The Church of Antioch was early distinguished for the abundance of its extraordinary gifts. It had numerous prophets. The new religion, released from the restraints of Judaism, there expanded in all its freedom and beauty. At Antioch it first became known by its true name. This was doubtless given it by the multitude, who witnessed its development and progress. The name Christian showed the dawning comprehension that the Church was not simply a Jewish sect. No one at Jerusalem, seeing the disciples in the temple, had thought of seeking for them a new name. This new name revealed the greatness of the revolution just wrought. It is important to observe that the earliest Church called out of the midst of paganism was the first to bear it. It was also from Antioch, as we shall see, that Paul set forth on his missionary journeys. Antioch was, in a manner, the Jerusalem of the Gentile world.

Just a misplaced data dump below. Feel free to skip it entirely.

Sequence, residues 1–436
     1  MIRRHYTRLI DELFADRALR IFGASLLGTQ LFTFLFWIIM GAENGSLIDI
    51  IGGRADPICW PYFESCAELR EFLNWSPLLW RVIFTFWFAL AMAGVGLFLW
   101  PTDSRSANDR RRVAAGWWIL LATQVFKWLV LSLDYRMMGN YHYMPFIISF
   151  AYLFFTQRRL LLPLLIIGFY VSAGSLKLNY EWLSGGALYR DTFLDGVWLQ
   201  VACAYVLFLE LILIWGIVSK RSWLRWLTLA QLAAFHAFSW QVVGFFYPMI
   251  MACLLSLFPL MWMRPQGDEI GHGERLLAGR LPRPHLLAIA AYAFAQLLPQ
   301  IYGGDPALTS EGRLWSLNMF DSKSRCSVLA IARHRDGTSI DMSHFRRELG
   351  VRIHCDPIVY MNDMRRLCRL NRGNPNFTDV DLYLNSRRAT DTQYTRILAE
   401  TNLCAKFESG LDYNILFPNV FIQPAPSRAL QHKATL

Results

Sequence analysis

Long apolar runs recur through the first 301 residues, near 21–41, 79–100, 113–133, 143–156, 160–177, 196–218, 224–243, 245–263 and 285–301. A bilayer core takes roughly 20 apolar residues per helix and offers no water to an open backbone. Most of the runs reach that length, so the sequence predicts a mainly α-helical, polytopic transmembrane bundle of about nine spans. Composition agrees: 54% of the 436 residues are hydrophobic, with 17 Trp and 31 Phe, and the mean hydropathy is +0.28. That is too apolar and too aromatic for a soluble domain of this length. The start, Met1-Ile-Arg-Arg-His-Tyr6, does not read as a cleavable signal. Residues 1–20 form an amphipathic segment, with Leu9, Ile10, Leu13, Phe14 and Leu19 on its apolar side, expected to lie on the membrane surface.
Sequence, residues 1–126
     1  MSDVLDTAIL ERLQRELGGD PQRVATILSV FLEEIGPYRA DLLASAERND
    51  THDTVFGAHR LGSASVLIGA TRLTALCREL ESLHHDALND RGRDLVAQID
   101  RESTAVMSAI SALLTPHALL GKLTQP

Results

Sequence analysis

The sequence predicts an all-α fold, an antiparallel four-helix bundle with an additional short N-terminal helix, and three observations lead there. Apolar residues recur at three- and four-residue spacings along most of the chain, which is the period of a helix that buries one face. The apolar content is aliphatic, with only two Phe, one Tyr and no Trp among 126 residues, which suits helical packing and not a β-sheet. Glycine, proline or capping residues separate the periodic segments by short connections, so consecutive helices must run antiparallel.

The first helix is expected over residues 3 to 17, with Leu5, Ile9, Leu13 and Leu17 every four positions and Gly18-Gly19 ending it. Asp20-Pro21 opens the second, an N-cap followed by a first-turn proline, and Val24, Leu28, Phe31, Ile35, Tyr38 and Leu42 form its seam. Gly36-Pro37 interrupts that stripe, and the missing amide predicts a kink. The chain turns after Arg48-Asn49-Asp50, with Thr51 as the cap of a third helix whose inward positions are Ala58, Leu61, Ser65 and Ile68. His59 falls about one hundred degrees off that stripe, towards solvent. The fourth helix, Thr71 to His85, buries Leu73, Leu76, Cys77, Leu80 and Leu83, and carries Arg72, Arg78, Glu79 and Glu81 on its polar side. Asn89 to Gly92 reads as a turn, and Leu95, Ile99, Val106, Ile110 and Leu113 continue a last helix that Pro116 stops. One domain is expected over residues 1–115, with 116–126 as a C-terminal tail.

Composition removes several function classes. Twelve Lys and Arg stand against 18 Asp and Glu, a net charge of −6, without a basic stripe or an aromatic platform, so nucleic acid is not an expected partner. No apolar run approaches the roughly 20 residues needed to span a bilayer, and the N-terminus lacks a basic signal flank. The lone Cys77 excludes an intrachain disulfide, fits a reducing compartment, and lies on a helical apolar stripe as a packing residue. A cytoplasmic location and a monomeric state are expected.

At this very time the Apostle Peter was led, by a miraculous dispensation of God, to shake off the yoke of Jewish exclusiveness. Notwithstanding the success of his mission in Samaria, he had not abjured his old notions; he still thought that all the prescriptions of the Mosaic law were in force. It was of the utmost importance that the Apostle whose activity and influence were paramount at this period, should be won over to the cause of a world-wide Christianity. God brought about this result in a most remarkable manner, by the coincident illumination of a special revelation and of personal experience. There lived at this time in the town of Cæsarea a Roman centurion named Cornelius, belonging to the Italian cohort, which maintained in those countries the authority of Rome. A heathen by birth, but conscious, like so many of his contemporaries, of unsatisfied religious needs, Cornelius had, from his first contact with the synagogue, forsaken the worship of false gods, and embraced the Jewish faith. Acts x, 1. But he had not found even in it satisfaction of heart. His upright and pious soul sought and required a more complete response to its cravings. It is probable that Cornelius may have already heard of the new religion and of St. Peter, for the angel who appears to him merely mentions the name of the Apostle, and Cornelius understands without further explanation. The vague rumor of Christianity which had reached him had perhaps rendered his prayers more fervent. However this may be, as he was in prayer, he suddenly saw in a vision an angel of God, who told him that his prayers were heard, and bade him send for the Apostle Peter. Acts x, 3-8. At the same moment Peter, who was at Joppa, received a revelation which was to prepare him to accede to the request of Cornelius.